The region around the South Pole contains more land than the region around the North Pole. The South Pole is located on the continent of Antarctica, which is approximately 5.1 million square miles. There is no land beneath the North Pole as the area sits on an ice sheet and is surrounded by the Arctic Ocean.
Antarctica makes up 8.9 percent of the land on Earth and is comprised of 98 percent solid ice. The land was designated a continent in 1840. Antarctica experiences average winter temperatures between -40 and -94 degrees Fahrenheit, with winds reaching up to 200 miles per hour. The lowest recorded temperature on Earth, which as of 2015 is -129.3 F, was recorded there. While Antarctica does not have a permanent population, groups of researchers are staffed on the continent and thousands of tourists visit each year.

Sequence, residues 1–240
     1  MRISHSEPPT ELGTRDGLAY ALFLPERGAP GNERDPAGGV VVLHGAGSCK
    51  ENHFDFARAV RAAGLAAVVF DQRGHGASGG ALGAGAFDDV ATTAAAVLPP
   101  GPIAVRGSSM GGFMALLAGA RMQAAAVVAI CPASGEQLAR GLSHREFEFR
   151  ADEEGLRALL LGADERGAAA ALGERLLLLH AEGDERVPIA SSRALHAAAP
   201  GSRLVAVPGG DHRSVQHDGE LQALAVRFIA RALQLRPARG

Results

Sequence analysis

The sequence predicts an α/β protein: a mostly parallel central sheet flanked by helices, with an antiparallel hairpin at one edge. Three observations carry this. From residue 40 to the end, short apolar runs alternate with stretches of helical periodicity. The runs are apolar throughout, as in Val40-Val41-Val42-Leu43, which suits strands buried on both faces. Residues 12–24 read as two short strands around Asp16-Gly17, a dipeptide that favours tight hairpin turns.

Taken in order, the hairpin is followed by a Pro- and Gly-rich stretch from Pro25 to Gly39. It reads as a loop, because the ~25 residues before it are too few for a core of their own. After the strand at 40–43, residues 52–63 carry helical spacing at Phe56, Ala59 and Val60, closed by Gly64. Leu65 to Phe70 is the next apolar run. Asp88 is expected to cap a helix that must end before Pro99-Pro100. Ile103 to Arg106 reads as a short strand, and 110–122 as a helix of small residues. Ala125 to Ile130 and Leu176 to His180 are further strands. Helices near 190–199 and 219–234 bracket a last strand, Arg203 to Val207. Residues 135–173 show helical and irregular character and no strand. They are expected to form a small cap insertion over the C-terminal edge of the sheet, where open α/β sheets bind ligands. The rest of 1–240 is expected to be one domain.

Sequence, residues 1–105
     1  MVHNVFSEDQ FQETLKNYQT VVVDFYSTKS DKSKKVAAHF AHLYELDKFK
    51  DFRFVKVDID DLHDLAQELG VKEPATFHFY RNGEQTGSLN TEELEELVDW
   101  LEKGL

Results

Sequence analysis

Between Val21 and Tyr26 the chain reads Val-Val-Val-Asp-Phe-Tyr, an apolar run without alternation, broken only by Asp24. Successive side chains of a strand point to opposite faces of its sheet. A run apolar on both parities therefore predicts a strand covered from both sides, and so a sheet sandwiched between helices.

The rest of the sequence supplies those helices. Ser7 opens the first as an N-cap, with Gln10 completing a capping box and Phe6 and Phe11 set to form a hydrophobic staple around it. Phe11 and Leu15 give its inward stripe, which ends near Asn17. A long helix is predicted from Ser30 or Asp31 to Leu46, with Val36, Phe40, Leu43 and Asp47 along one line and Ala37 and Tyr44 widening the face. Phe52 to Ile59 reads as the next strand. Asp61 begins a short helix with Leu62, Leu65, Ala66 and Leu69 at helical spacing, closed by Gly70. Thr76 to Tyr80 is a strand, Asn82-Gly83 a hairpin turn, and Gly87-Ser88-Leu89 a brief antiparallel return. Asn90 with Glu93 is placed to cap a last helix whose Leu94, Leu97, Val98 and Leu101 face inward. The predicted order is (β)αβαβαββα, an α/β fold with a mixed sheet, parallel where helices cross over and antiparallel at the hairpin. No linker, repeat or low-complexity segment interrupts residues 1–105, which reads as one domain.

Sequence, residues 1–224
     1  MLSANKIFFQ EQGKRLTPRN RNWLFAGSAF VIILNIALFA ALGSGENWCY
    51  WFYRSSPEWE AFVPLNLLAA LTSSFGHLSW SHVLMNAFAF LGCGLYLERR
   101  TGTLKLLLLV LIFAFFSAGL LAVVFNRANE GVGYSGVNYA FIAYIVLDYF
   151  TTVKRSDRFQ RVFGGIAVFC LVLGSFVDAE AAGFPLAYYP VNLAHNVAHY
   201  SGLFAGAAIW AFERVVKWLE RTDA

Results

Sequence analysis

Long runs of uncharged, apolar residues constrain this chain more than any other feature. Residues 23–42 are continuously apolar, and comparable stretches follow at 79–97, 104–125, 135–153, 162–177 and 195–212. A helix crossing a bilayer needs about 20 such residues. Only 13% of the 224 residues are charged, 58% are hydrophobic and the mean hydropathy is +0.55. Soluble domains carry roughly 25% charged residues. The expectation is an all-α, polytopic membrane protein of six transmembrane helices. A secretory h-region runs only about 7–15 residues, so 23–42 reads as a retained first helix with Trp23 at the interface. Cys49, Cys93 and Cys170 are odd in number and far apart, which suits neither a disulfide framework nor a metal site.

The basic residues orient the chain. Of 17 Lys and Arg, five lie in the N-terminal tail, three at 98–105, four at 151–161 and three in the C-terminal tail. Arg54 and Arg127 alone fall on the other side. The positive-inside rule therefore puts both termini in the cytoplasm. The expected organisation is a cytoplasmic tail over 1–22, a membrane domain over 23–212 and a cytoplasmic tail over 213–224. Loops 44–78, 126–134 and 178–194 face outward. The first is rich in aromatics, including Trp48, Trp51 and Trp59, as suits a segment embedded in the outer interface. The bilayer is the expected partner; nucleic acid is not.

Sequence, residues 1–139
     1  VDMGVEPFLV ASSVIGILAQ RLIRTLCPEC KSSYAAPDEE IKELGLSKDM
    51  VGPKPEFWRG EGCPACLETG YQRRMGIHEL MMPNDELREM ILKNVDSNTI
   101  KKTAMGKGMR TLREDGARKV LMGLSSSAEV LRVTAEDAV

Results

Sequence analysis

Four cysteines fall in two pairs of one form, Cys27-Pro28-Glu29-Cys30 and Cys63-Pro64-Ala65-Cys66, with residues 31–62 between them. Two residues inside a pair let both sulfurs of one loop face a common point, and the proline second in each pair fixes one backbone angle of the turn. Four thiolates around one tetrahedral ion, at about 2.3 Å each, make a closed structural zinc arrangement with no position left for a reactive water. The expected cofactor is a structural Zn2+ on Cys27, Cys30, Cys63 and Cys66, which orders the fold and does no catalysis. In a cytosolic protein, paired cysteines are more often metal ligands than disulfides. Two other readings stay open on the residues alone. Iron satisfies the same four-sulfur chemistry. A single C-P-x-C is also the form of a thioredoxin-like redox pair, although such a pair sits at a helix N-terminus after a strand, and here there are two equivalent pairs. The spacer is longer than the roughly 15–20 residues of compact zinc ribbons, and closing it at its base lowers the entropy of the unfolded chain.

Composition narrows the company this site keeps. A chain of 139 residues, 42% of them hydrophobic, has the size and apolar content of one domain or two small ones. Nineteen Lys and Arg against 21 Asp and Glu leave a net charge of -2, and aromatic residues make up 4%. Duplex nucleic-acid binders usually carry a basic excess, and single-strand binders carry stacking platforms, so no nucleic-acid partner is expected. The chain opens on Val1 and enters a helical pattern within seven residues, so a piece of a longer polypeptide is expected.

The North Pole sites on a ice sheet of approximately 6 to 10 feet thick in an area of the ocean that is more than 13,123 feet deep. It is much warmer than the South Pole, with temperatures reaching 32 F in the summer and dropping to -31 F in the winter. The closest inhabited areas to the North Pole are Greenland and the Canadian territory of Nunavut.